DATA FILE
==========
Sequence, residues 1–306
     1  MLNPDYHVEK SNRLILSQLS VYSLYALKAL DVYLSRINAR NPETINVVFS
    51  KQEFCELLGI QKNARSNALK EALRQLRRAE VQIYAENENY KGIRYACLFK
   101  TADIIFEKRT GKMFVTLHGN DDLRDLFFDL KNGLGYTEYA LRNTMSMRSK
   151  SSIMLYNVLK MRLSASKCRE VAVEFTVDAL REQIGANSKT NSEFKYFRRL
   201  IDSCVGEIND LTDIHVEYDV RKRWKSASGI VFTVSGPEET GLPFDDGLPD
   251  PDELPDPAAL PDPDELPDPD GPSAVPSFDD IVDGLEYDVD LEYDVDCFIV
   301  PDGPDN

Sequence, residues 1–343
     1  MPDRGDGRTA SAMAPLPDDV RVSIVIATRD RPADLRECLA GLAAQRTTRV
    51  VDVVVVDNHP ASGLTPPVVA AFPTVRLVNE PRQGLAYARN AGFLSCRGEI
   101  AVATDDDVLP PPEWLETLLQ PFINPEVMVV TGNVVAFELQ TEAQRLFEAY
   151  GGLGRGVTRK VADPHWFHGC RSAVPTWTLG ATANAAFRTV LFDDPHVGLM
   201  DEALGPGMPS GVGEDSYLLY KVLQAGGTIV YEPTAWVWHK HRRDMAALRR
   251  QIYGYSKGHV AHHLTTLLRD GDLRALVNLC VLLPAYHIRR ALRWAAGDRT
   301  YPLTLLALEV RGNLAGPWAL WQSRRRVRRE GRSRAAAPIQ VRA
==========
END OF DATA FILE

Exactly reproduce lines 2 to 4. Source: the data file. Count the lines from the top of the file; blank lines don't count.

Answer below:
     1  MLNPDYHVEK SNRLILSQLS VYSLYALKAL DVYLSRINAR NPETINVVFS
    51  KQEFCELLGI QKNARSNALK EALRQLRRAE VQIYAENENY KGIRYACLFK
   101  TADIIFEKRT GKMFVTLHGN DDLRDLFFDL KNGLGYTEYA LRNTMSMRSK